There are many other free and low-cost services out there. To figure out what you need for your audience, think about what kind of emails you plan to send. Will you need a simple plug-and-play design? Do you expect to keep your list below 2,000, or do you hope to reach tens of thousands one day? Once you know what you’re looking for, examine the various pricing structures to see what features help you the most and how many subscribers you can reach.


What content goes into my newsletter?

Start by determining how frequently you want to send a newsletter. There are no rules to this—don’t feel pressure to throw together a weekly newsletter if you only have enough content for a monthly send, for example. You can send monthly, bi-monthly, weekly, semi-annually, or just whenever big news happens.

Content can be flexible, but a consistent structure will be appreciated by your readers. Here are some tips on creating good content for your newsletter:

  • First, determine the angle of your newsletter: Just as you have your own unique brand on social media or within your books, your newsletter should have its own angle. It can be focused on updates about you and your books, themed to match well with your genre (for example, a thriller author providing a section on her favorite true crime podcasts), or focused on tips—writing tips, wellness teachings, or professional advice. Maintaining a theme is a great way for you to pitch your newsletter as succinctly as you’d pitch your own book.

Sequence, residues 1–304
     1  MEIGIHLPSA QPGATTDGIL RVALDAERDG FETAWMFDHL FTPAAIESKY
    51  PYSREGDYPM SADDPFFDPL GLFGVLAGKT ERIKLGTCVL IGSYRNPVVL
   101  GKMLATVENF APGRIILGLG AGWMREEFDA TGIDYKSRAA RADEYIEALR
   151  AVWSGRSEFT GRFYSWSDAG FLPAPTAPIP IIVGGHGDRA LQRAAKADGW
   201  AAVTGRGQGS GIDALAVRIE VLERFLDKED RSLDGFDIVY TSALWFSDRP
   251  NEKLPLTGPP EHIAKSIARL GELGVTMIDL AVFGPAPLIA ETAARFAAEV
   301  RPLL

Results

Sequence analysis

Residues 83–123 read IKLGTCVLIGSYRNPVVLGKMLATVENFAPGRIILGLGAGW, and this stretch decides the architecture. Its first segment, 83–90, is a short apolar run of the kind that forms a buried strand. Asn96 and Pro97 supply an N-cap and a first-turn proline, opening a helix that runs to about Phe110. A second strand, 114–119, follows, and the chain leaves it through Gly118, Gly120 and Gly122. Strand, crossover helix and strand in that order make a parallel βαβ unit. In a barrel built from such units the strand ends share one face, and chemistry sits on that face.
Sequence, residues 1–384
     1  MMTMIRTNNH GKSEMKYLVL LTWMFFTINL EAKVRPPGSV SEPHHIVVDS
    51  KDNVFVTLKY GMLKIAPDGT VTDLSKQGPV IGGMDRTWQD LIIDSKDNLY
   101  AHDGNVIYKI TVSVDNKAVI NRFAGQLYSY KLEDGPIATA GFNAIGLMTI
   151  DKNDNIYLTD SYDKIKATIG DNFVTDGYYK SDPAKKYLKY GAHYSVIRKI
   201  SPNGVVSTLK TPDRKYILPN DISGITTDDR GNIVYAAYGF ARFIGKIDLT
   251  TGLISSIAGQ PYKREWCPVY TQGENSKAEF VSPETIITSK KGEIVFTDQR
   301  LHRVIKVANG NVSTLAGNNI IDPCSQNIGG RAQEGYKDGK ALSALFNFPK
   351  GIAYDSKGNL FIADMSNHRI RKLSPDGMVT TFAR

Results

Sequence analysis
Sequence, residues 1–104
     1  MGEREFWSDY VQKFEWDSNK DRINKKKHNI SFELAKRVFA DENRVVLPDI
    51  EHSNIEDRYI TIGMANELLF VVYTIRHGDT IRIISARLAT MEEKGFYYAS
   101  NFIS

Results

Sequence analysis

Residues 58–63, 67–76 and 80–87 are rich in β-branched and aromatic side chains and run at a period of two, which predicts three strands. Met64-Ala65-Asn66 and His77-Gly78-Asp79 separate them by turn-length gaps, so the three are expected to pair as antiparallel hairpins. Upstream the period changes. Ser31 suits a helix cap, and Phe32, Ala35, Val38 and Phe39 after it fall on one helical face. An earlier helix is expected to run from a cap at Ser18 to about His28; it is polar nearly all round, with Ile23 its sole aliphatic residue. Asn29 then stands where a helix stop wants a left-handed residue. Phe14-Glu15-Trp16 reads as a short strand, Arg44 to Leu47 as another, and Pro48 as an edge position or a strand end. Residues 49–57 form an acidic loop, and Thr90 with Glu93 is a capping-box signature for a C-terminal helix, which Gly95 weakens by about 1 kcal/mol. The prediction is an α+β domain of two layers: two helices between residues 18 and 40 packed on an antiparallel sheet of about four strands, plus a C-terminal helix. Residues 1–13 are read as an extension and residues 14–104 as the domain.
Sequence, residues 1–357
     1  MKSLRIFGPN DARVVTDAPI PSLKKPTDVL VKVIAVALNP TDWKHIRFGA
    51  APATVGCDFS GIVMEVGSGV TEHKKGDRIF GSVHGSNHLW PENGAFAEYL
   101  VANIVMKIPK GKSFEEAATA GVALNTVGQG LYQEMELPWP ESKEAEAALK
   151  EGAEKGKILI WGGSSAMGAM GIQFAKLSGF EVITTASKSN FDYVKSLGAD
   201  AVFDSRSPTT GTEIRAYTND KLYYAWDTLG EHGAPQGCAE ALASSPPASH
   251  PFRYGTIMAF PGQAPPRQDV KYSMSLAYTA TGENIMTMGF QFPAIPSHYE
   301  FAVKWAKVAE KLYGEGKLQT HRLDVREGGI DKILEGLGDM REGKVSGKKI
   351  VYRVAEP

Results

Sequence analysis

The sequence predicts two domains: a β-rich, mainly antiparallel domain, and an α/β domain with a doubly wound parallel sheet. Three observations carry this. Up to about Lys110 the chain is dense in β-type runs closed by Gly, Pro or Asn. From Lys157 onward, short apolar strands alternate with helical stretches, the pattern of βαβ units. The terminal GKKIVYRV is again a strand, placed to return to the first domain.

• Structure your subject lines: A simple structure like “Jane’s Author Newsletter: Issue #1” works just fine, but you could also tease the content more creatively, like: “Jane’s News #1: Podcast Interviews, Book News, and More Updates!”
  • Break down your content: In a separate document, divide your content into sections. Examples could include Author Updates, Press, Advice, Q&A, Upcoming Events, Sneak Peeks, What I’m Reading, and more. Decide which types you want to include in every mailing and which are flexible, then use that as a guide as you create your posts.
  • Include visual elements…or don’t: Every service mentioned above makes it easy to include images alongside your text. If you’re talking about a $.99 ebook sale, for example, an image of your book cover will help catch readers’ attention. Think of email newsletters you enjoy—what visual elements catch your eye? What do you find distracting? Take note of that and build it into your own newsletter.
  • Keep it short: Concise emails keep your readers’ attention. Consider teasing and linking to outside blog posts on your website (like we do!) instead of pasting an entire 1000+-word article into the email. Keep your intro short and to the point. Use visuals and subheadings to break up the text. But also make sure to do whatever feels natural to you!


Check out our recent Author University panel discussion Finding and Growing Your Community Online and Offline for tips from fellow authors on how to get the most out of your newsletter and online brand.



Phil Stamper-Halpin is Associate Director, Author Development for Penguin Random House.